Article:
• Dominique

The SecuriTea News - Issue #1

Every Friday the Weekly Tea Report brings you the latest week’s trending information security news. Read on and join the conversation.


Too much to handle? Despite having all their systems up-to-date, research is showing that IT managers are not keeping their head above water when it comes to dealing with the volume of cyberattack attempts to their company networks. The Impossible Puzzle of Cybersecurity, released by Sophos, is a research report interviewing thousands of IT managers across 12 countries to get the latest trends in security. 2 out of 3 managers (or 68% of organizations) stated they suffered a cyberattack in 2018. Though the percentage of time spent on cybersecurity issues have increased to 26%, good intentions and behaviors are not enough as attackers are still infiltrating through. IT departments have to secure and manage a vast number of assets whilst an attacker only needs one entry way to gain access. Phishing(think those weird emails when someone says they will send you a million dollars through the wire) is still #1 (53 percent) in terms of the types of attacks that are succeeding. Malware infections (viruses on your computer/device), software exploits (bug in software) and ransomeware (locking you out of your network and demanding money usually via bitcoin) round out the top 4 threats organizations are facing in 2019. To read the report click here.


New meaning to a hot hairstyle. Sometimes its okay to not have bluetooth in an ordinary item. Researchers from Pen Test Partners proved this when they hacked into a hair straightener, sent some maliciously crafted Bluetooth commands (think if someone tried to sneak into your airpods) and was able to take control of the hair device. The implications of this can prove to be deadly as an attacker who has control can possibly raise the temperature to maximum (455°F) - higher than paper's burning point - and set something on fire depending on how long it remains on. Luckily, an attacker would need to be close by as Bluetooth range is limited and thus the probability of this happening is low. The issue here is the rise in IoT (Internet-of-things - think Alexa) devices in the everyday household that is not created with Security in mind.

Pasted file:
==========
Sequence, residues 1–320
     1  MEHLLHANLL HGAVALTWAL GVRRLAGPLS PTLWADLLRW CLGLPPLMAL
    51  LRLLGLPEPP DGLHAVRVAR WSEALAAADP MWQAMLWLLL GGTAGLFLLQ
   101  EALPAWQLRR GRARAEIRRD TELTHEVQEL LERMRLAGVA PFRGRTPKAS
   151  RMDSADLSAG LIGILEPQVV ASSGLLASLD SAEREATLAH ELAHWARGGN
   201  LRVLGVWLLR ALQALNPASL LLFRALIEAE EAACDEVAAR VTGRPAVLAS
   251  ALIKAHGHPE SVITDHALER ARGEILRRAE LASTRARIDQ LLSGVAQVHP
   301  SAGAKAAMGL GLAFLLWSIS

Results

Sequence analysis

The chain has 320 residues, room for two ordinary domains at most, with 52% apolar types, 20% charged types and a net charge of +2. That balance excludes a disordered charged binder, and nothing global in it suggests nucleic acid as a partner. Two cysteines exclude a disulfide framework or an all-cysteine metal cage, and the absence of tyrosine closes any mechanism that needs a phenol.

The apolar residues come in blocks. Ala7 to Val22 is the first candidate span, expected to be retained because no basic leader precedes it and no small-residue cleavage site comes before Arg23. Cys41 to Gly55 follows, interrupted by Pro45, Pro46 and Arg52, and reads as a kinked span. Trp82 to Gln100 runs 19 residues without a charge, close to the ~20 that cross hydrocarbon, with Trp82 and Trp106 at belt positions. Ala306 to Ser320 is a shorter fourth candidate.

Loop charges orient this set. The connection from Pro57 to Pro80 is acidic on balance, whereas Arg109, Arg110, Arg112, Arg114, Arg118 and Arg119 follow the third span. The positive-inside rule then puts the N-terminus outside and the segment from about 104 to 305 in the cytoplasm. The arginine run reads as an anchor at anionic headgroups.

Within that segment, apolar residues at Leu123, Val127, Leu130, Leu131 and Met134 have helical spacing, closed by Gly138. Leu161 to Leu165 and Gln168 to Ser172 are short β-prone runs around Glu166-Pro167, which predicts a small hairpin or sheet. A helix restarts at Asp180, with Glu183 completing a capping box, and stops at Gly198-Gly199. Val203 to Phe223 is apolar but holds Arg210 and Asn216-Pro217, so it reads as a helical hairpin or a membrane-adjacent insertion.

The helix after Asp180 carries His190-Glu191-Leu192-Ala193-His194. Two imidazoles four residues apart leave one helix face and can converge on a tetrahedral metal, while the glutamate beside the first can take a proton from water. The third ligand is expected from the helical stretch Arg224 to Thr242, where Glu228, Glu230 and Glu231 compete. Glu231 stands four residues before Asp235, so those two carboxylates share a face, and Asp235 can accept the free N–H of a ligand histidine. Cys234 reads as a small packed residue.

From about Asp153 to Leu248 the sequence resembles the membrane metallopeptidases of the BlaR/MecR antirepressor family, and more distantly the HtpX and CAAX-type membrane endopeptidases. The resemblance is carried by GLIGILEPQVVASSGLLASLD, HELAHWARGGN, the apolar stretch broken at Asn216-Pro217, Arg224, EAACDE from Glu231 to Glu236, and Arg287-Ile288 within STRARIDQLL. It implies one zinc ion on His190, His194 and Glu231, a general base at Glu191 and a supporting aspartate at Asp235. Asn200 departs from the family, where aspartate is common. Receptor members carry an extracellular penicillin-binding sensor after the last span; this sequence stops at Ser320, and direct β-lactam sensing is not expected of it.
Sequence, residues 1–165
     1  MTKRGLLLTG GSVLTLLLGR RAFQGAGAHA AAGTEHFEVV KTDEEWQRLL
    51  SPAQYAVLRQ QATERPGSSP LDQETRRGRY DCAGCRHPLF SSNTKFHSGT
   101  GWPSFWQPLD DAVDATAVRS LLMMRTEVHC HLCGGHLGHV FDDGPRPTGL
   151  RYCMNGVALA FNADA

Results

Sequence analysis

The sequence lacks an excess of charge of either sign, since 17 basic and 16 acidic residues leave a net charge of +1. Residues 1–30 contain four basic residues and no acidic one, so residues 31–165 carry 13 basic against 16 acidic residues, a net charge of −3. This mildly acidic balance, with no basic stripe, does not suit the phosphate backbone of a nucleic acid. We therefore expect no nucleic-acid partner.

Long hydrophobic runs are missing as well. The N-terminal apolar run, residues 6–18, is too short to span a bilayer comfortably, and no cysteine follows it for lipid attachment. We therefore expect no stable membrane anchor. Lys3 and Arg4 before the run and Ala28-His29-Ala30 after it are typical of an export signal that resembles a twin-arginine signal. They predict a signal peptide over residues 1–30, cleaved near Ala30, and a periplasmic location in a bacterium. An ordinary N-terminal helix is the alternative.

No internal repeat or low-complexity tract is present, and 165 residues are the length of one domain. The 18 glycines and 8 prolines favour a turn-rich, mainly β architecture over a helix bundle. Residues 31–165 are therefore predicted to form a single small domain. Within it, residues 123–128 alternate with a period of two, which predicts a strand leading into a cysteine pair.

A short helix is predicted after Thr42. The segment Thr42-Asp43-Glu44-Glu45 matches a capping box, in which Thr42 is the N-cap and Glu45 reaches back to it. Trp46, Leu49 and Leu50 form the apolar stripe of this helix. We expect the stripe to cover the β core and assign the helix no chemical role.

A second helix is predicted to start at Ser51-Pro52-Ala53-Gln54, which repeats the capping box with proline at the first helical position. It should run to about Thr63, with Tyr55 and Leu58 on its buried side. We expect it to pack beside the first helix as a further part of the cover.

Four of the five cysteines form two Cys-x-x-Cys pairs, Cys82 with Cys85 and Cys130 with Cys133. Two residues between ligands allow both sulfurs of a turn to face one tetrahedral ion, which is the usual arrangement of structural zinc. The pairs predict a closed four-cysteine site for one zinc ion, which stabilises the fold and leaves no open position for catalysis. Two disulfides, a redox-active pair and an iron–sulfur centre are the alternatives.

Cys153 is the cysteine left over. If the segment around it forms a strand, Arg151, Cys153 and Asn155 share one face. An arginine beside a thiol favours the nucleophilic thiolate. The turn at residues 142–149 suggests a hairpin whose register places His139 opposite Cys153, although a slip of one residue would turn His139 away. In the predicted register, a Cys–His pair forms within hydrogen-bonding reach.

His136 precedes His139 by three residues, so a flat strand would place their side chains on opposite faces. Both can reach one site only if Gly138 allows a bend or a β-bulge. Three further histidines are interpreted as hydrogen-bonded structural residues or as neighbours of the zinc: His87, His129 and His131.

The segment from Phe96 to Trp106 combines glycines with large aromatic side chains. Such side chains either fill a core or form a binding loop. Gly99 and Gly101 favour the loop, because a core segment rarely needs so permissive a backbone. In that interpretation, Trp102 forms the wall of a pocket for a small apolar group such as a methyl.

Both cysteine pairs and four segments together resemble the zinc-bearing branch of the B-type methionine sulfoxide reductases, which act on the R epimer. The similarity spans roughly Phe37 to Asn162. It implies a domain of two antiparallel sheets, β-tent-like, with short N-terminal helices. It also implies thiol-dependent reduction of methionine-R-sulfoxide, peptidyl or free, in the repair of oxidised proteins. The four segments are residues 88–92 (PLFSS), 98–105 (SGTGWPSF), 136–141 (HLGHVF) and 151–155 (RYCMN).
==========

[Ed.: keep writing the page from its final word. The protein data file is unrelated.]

Google out of bounds. Google is in trouble after a report shows that its Home devices were recording audio despite the "wake-up" word not being used. Last Wednesday a subcontractor for the company disclosed this privacy issue to Dutch news outlets after realizing extra recordings with sensitive information was being obtained. Hired as a "language transcriber" in order to improve the way Google devices understands accents, the subcontractor and news outlets were able to “clearly hear addresses and other sensitive information. This made it easy for us to find the people involved and confront them with the audio recordings.” Google confirmed that these recordings were authentic but said they were in error. Despite the error, it is possible for situations to happen like this one to any home IoT device. This situation highlights the concerns around third-party security and Google’s data retention and sharing policies, given that a subcontractor leaked these recordings to a news outlet.


Zoom not quick enough. If you have Zoom, the web- and video-conferencing service, installed on your machine it is important you install the latest update to your software. The company is under scrutiny after their response to a zero-day (meaning a vulnerability that is unknown and unpatched) was discovered by researcher Jonathan Leitschuh. The issue found was this zero-day vulnerability (again, think a huge undiscovered hole in your wall that allows people in and out of your home that you never knew existed) allowed an attacker to hijack a user’s web camera without their permission. That isn't even the worst of the situation, apparently even if you uninstall Zoom from your computer, the service maintained an internet connection on computers via a hidden localhost web server. Luckily in response Apple helped its user base out by silently removing this web-server from its devices.


Speaking of Apple, no more walkie-talkie. If you have an Apple watch you might have noticed that you can no longer use Walkie-Talkie to contact users (or in my case randomly start singing to my friends during peak work hours). Apple has temporarily disabled the Walkie-Talkie feature from the Apple Watch due to a vulnerability that could allow potential attackers to eavesdrop in on iPhone call. Tech Crunch received confirmation of this flaw from Apple. This seems oddly familiar, doesn't it? Well if you remember earlier this year a huge FaceTime flaw was found that allowed anyone with iOS to FaceTime other iOS users and listen in on their private conversations – without the user on other end rejecting or accepting the call. Hopefully this is fixed soon, so we can all go back to the random singing, and further features are fixed to prevent this from happening again.


And that's a wrap for your Weekly SecuriTea Report. Be sure to check out the latest every week for the latest in Information Security News.

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